Consumer tech seeping Into IT

The consumerization of IT continues apace. Over the past two years, I have been watching technology products and services initially developed for consumers and small businesses have an increasingly significant impact on enterprise computing. In fact, I wrote two columns on that topic: "Keeping Up With Your IT Consumers" and "Change at Hand for PC Management".

The two main points I made then still hold true today: 1) Many employees have better IT equipment and services at home than at work, and thus can no longer be treated like children who need to be told what to do, and 2) the public infrastructure that is emerging for consumers is in many ways superior to the private infrastructures typically provided by enterprise IT. Examples include e-mail, storage, wireless, collaboration and a wide range of specific applications. I wrote that the tension generated by the contrast between this ever-more-powerful public infrastructure and the aging private infrastructures of most companies would be one of the defining IT issues of the decade.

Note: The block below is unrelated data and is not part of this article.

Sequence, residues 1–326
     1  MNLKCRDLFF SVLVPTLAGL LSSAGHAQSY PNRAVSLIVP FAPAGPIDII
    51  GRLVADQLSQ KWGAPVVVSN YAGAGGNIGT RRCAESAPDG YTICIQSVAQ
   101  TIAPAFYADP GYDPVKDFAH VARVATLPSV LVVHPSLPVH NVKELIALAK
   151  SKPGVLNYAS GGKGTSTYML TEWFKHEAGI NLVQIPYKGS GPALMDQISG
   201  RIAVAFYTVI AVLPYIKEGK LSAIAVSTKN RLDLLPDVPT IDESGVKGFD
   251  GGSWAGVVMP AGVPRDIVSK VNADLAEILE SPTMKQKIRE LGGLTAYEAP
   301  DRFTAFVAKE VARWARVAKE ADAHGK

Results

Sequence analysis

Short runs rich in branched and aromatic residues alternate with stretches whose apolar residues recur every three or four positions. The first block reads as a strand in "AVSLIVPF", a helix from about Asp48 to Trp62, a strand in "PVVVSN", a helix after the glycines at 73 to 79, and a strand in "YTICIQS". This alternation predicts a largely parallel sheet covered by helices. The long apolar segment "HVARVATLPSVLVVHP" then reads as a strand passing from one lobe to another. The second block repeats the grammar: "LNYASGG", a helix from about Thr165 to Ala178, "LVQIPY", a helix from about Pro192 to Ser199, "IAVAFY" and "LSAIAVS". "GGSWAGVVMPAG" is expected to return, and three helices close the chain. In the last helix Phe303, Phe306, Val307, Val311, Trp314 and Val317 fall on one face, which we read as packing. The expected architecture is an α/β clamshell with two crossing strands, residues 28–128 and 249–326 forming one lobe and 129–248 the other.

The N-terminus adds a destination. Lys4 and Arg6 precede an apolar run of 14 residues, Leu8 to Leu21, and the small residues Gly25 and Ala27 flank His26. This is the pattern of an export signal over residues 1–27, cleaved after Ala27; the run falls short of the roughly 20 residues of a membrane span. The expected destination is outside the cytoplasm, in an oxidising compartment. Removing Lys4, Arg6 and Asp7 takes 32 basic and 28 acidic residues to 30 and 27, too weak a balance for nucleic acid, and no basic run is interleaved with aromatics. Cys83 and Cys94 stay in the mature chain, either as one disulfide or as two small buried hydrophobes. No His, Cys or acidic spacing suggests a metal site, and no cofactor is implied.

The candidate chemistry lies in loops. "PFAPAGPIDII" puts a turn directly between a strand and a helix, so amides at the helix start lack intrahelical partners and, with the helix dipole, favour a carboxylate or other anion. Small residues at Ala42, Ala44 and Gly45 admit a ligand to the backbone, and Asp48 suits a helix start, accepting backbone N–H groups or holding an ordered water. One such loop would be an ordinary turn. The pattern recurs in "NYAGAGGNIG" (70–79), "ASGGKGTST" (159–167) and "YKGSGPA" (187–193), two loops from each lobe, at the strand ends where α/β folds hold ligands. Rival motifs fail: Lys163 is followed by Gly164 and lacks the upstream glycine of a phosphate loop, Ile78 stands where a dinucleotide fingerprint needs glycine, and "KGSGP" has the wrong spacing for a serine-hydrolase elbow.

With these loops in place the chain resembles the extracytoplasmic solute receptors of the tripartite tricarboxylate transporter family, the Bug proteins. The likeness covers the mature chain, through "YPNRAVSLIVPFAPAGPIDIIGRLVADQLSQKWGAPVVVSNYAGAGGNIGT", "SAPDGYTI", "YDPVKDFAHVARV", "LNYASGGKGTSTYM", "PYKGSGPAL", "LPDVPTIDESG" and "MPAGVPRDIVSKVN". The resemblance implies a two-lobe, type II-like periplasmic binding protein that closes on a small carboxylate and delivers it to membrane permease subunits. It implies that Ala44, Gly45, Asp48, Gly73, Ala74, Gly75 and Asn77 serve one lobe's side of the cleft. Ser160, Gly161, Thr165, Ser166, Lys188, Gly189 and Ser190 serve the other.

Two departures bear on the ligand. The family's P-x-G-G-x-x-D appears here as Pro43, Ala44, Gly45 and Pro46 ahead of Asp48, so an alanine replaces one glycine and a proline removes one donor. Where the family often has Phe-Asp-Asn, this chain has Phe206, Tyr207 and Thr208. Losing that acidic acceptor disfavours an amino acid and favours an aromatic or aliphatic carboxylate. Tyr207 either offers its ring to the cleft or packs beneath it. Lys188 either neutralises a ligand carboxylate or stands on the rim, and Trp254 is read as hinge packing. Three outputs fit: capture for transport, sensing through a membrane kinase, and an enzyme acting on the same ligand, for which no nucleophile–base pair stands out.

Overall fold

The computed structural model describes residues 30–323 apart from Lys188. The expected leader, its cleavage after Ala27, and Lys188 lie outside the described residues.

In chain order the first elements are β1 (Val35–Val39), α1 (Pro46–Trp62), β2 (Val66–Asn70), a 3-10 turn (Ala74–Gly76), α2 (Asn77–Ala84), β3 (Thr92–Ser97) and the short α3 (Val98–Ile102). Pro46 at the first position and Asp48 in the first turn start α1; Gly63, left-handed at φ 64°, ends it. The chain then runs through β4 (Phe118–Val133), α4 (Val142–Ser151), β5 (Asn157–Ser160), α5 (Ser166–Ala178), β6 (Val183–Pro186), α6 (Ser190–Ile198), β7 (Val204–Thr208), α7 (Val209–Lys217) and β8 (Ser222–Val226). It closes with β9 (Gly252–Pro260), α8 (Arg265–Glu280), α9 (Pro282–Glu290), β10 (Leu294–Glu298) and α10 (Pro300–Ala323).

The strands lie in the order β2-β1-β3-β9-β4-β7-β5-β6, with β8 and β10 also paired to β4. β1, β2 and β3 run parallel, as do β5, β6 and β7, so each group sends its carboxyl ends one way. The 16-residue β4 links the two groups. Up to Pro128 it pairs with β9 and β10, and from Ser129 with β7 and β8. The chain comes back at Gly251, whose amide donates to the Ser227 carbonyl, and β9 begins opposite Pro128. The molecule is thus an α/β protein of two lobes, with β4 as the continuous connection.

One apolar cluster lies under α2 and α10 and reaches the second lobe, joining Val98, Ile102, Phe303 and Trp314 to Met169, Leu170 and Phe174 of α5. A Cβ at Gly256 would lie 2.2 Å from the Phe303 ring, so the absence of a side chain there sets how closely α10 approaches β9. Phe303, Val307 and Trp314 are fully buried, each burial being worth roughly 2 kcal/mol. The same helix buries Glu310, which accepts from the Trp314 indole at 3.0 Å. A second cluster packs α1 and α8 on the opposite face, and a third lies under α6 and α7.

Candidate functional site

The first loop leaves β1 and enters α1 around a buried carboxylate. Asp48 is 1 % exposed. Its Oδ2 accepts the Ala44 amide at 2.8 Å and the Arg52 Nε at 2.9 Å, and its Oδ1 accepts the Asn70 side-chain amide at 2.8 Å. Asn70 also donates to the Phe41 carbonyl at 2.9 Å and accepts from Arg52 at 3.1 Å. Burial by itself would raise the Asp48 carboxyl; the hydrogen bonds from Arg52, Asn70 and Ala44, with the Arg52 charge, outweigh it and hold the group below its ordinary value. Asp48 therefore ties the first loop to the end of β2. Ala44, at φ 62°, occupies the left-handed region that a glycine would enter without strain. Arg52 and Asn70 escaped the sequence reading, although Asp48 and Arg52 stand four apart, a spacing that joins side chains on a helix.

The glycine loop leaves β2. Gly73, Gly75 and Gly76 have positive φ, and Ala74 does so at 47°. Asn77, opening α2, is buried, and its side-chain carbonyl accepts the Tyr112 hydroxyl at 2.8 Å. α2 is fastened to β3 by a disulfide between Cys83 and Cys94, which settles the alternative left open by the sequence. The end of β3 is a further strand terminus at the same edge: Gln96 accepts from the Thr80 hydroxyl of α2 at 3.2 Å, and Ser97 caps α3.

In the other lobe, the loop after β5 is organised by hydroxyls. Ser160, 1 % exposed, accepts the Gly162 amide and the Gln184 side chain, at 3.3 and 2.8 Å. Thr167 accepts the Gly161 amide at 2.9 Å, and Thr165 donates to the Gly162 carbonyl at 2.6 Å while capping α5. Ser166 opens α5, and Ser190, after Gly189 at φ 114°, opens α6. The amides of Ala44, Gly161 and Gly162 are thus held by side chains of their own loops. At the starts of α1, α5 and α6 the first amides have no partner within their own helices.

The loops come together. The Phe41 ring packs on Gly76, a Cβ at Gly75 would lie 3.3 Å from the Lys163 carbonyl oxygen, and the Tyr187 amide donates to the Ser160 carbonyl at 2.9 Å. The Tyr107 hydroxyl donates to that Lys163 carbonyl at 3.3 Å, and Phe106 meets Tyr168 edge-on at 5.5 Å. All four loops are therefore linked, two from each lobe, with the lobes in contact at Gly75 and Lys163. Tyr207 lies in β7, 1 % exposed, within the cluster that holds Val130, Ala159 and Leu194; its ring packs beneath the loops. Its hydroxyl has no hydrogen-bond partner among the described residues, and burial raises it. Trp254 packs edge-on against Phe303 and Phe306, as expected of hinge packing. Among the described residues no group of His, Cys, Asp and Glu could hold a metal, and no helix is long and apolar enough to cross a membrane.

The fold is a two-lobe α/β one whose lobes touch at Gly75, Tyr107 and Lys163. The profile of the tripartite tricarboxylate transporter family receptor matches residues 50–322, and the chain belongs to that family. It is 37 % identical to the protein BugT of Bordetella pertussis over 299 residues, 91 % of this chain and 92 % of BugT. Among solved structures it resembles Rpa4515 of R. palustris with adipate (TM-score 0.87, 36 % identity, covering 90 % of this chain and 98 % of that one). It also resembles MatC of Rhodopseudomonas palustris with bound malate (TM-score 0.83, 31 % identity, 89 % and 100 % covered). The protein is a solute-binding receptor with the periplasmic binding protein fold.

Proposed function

Over the past year, these trends have continued to gain traction, and the idea of consumerization has risen in importance and recognition. The following are among the current trends:

-- Cafeteria-style purchasing plans. Companies are experimenting with giving employees personal technology budgets to better meet their IT needs.

-- Browser-based applications. The emergence of Asynchronous JavaScript and XML, better known as AJAX, is helping to close the once-large performance gap between client/server and browser-based systems.

-- Consumerized offices. Large companies with small branches and international offices have been quick to use public infrastructure instead of much more costly private facilities.